Report finds that many adults with vulnerabilities are ‘imprisoned' in their care homes
- 13 Mar
A House of Lords inquiry has found that many safeguards being used to protect adults with vulnerabilities are actually oppressing those who lack the mental capacity and end up forcing decisions upon them.
In the worst cases of the House of Lords investigation, safeguards were being used to oppress people and force decisions on them. They found that these measures, which are supposed to be used to look after at-risk patients, were actually being used to deprive them wrongly of their liberty, reports the Guardian.
The House of Lords committee was set up to investigate how mental health reforms introduced in 2005 are working and have said they are concerned that deprivation of liberty safeguards and that they should be removed and new systems drawn up from scratch.
The safeguards are part of the wider Mental Capacity Act which have been drawn up to simplify how patients who lack capacity are dealt with and to "empower, protect and support" them.
The report also found that social workers, healthcare professionals and others involved in the care of people with vulnerabilities were not aware of the act and failed to implement it.
The committee chairman, Lord Hardie, said: "We were very concerned by what we heard about the safeguards. The evidence suggests that tens of thousands of people are being deprived of their liberty without the protection of the law, and without the protection that parliament intended. Worse still, in some cases the safeguards are being wilfully used to oppress individuals and to force decisions upon them, regardless of what actions may be in their best interests. The criticism of the safeguards extended to the legislative provisions themselves; we were told the provisions were poorly drafted, overly complex and bureaucratic. A senior judge described the experience of trying to write a judgment on the safeguards as feeling 'as if you have been in a washing machine and spin dryer'. Even if implementation could be improved, the legislation itself is flawed. In the face of such criticism, the only option is to start again. The government needs to go back to the drawing board to draft replacement provisions that are easy to understand and implement, and in keeping with the style and ethos of the Mental Capacity Act. When the act came into being, it was seen as a visionary piece of legislation, which marked a turning point in the rights of vulnerable people; those with learning difficulties, dementia, brain injuries or temporary impairment. The committee is unanimous that this is important legislation, with the potential to transform lives. However, what is clear from the substantial volume of evidence we have received is that the act is not working at all well. That is because people do not know about the act, or do not understand it, even though many professionals have legal obligations under it. Those who may lack capacity have legal rights under the act, but they are not being fulfilled. In many cases complying with the act is treated like an optional add-on - nice to have, but not essential. In short, the act is not being implemented. The committee believes that the act is good and it needs to be implemented. What we want to see is a change in attitudes and practice across the health and social care sector which reflects the empowering ethos of the act."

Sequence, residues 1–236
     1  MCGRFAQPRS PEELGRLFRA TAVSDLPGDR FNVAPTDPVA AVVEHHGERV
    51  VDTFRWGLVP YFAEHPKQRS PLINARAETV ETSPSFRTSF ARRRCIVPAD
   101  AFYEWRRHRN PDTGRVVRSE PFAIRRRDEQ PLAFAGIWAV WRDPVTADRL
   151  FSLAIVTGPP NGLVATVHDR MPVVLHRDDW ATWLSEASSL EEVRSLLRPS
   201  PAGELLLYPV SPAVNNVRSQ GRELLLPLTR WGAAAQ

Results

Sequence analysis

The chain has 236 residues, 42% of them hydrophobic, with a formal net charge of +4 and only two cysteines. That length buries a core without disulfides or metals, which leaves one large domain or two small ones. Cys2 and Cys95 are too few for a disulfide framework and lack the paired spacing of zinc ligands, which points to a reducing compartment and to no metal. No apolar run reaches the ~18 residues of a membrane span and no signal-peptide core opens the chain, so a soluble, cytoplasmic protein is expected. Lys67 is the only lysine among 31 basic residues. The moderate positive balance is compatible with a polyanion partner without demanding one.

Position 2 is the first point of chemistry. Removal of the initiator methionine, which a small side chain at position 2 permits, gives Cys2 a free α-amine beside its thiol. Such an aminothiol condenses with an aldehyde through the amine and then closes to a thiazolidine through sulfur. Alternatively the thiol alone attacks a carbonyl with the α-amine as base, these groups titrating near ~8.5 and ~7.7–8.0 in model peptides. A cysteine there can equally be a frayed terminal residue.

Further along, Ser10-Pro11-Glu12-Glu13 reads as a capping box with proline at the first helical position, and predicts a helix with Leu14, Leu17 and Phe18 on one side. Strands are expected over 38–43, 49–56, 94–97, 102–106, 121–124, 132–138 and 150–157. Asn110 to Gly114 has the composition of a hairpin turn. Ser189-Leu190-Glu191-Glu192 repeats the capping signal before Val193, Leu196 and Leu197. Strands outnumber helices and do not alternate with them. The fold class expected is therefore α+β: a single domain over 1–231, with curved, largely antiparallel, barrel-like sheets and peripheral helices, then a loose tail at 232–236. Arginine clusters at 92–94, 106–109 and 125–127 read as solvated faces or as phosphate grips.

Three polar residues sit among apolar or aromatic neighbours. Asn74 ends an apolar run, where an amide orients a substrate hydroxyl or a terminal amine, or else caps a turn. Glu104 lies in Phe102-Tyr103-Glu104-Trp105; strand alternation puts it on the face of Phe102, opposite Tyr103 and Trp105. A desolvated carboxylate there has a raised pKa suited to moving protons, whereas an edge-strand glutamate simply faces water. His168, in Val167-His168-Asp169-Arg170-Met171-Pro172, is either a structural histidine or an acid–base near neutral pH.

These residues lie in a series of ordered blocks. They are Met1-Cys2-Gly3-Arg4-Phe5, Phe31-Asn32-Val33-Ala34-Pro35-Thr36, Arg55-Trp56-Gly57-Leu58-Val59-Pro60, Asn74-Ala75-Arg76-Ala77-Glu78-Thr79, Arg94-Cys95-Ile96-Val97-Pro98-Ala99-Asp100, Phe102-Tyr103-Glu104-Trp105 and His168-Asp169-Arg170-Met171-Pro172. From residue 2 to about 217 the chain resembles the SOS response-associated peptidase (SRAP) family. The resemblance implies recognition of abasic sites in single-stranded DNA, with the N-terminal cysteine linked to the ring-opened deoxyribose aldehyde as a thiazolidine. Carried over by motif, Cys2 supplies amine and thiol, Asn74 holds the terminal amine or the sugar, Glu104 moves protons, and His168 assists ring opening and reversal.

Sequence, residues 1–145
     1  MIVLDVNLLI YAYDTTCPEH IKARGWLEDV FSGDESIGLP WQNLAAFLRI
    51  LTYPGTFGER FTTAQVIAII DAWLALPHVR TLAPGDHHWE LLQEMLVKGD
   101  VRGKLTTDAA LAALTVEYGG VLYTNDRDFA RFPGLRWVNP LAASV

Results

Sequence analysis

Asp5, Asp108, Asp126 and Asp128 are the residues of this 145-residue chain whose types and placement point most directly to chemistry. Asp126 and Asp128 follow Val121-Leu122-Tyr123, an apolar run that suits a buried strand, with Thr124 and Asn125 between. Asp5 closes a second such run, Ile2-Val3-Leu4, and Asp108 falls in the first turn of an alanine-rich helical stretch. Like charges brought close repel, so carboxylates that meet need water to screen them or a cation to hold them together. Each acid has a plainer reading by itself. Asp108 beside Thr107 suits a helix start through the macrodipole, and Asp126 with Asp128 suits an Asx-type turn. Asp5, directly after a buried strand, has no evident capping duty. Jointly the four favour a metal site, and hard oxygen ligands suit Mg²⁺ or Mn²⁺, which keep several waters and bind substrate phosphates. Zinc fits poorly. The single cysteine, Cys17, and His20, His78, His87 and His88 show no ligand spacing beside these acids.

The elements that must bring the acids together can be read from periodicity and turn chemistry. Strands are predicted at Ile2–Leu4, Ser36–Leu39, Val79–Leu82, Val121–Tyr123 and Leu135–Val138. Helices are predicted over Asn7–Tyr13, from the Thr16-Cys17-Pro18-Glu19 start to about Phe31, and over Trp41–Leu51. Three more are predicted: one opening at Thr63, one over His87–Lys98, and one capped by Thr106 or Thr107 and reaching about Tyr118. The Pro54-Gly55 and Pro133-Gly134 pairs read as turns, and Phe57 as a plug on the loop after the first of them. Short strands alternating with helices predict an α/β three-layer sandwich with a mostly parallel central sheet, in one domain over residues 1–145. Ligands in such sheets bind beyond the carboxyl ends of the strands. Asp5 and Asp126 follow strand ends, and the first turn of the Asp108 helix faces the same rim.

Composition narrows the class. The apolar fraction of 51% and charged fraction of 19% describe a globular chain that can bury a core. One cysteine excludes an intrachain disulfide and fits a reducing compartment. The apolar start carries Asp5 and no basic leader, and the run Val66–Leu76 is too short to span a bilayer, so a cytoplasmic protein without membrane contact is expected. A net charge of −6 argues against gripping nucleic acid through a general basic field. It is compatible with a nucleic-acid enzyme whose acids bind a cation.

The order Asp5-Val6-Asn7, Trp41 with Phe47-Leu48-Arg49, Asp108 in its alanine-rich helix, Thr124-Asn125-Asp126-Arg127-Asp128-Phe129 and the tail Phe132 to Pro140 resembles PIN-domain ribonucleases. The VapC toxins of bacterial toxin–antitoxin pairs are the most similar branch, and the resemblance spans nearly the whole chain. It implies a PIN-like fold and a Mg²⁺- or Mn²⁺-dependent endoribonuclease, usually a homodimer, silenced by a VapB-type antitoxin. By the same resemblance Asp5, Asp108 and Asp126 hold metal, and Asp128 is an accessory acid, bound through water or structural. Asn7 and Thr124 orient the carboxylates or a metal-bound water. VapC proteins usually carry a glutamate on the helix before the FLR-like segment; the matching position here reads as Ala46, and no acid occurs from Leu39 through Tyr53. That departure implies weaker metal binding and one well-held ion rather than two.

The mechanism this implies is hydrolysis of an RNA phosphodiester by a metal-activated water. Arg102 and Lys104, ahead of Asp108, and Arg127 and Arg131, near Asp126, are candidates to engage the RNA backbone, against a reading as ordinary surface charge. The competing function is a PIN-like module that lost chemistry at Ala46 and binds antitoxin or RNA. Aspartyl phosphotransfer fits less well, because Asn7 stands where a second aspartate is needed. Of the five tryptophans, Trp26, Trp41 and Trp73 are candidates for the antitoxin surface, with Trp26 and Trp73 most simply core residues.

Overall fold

A Ministry of Justice spokesman said "more needs to be done" to make the 2005 legislation "is more widely understood".
"We welcome the select committee's report. This is an important piece of legislation", the spokesman said. "The Ministry of Justice and the Department of Health will consider the House of Lords' report in detail and we will publish a full response in due course."
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